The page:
Educated on espresso

Dec. 7, 2005

There are 6,000 Starbucks stores worldwide, and the chain will add 1,000 units this year.

Need any more proof the premium coffee trend is as caffeinated as ever?

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David Lange doesn't. As vice president of business development at Consumer's Choice, a Louisville, Ky.-based coffee roaster and distributor, Lange sees sales of premium coffees, like espresso, continuing unabated.


Because people know and love their beans more than ever.

"They know good coffee, and there so many options and places for them to get it," Lange said. "If you're a supplier, you cannot put out bad coffee because they'll see through it."

Lange said espresso drinkers have become so sophisticated, they can recognize a high-quality potent potable just by looking at it. "Someone I was with recently ordered an espresso and saw there was no crema on it. It struck out with him."

Such persnickety preferences have Lou Piancone, Jr., anticipating his distributorship, Roma Foods, will hit a home run with its new line of espresso products dubbed Caffe Piancone Crèma D'oro. The Piscataway, N.J., firm began importing it from Italy this year and unveiled it at the New York Pizza Show in November.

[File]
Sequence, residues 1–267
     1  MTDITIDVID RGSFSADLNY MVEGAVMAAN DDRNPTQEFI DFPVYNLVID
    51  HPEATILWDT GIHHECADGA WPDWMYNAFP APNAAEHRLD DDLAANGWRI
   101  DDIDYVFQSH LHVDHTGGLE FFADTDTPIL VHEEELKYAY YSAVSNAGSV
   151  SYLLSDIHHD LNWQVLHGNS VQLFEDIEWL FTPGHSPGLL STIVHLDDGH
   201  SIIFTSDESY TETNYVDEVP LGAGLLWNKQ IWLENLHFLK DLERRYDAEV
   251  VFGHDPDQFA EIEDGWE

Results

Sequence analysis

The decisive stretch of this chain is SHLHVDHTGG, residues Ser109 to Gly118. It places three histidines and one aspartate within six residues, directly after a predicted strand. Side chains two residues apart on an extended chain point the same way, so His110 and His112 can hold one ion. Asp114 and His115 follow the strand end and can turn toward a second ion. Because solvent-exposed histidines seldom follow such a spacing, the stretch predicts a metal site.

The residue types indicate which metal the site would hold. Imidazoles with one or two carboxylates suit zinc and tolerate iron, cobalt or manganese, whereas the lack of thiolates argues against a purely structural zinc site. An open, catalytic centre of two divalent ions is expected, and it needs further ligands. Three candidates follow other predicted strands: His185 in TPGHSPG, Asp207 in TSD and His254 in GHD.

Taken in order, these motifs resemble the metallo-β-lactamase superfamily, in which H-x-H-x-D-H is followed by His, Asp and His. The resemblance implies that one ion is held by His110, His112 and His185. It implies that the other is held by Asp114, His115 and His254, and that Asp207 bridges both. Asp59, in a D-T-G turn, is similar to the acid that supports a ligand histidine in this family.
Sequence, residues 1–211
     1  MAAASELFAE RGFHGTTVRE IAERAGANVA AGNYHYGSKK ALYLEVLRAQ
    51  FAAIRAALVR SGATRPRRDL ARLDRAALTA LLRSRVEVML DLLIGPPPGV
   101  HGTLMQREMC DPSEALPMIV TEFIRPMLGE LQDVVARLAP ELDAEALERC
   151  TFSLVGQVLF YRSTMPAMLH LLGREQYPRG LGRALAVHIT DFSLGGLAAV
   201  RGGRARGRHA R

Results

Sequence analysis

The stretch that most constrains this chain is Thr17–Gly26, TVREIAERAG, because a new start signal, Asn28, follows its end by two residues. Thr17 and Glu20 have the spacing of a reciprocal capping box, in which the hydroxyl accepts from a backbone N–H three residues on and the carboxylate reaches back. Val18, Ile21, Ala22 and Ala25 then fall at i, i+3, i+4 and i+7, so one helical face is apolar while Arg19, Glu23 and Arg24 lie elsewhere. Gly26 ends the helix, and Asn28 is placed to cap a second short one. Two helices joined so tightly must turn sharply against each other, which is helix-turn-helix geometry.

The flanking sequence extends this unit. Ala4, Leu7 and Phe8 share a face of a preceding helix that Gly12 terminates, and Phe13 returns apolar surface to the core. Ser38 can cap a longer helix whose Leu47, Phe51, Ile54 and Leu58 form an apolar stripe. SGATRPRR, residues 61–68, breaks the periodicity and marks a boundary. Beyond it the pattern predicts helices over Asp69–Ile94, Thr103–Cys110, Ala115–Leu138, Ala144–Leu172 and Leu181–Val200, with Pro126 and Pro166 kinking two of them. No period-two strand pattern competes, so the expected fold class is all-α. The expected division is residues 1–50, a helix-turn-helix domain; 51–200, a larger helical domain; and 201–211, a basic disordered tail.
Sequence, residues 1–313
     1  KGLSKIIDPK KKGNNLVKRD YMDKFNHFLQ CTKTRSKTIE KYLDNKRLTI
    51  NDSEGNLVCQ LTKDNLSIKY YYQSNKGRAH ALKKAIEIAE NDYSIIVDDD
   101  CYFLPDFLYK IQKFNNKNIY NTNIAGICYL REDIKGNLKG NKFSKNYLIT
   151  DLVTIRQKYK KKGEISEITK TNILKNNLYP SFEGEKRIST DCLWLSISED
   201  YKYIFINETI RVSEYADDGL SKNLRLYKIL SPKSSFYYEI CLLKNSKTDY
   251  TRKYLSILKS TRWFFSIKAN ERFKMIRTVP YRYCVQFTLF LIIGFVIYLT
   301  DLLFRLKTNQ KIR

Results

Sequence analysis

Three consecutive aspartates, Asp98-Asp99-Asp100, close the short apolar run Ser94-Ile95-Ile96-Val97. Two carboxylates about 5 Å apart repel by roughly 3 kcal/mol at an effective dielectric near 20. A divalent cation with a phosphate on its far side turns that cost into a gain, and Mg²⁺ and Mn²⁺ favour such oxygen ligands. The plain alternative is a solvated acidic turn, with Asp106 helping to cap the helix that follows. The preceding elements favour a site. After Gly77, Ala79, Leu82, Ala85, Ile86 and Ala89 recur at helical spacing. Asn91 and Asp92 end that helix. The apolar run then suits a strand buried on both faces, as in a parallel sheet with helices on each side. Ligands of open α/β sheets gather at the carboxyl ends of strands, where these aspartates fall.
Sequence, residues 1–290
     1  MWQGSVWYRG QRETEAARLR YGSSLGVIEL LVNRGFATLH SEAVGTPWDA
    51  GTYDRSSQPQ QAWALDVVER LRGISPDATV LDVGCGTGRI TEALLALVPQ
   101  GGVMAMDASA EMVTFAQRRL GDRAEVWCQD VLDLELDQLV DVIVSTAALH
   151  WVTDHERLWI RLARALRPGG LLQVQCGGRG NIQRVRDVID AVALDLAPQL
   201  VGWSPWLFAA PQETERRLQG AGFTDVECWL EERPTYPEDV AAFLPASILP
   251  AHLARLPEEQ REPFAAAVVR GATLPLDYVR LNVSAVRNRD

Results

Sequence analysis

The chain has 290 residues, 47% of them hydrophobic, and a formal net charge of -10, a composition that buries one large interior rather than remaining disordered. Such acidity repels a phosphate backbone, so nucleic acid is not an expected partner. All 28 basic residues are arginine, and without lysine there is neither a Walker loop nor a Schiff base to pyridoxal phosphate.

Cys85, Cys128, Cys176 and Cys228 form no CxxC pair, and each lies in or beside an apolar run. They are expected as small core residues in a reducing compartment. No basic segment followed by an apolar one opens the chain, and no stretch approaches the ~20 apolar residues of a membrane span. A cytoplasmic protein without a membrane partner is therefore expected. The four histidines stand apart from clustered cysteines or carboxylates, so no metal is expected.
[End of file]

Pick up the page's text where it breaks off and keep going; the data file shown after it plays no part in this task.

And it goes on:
Caffe Piancone comes in three styles: whole Bean; Moka Gusto (fine grind) and a single-serving pod kit. Piancone believes the pod kits hold the most potential because of their ease of use.

"A pod is single-serve portion of espresso placed between two-filter papers," he said. "The pod machine creates the pressure necessary to press out a single serving of coffee. It's a user-friendly way of making an espresso without any waste. And anybody on staff can do it."

Lange said pods are a big part of Consumers Choice's business "because a lot of people don't know how to make espresso. But all you do is put it in, and bang, it's done."

Taste is tops

Piancone said he looked long and hard to find a quality Italian roaster and exporter. The one he found — whose name he won't reveal, but whose factory is in Sicily — is a skillful roaster he likened to a winemaker. "Blending and roasting is an art, really," he said, adding that the beans in Crèma D'oro come from South and Central America, Kenya and Tanzania. "Each type of bean has a certain amount of moisture in it, which means there's a certain amount of time you roast it and a certain way you roast it. There's a lot of skill required."

His goal was to find an espresso much like that he has enjoyed in Italy, yet one with a unique flavor.

"If you go to Italy, you'll find the coffee has a distinct, lingering flavor," he said. "What we were trying to get was something more robust while less bitter, but still with that lingering flavor. This manufacturer has accomplished that."

Topics: Operations Management

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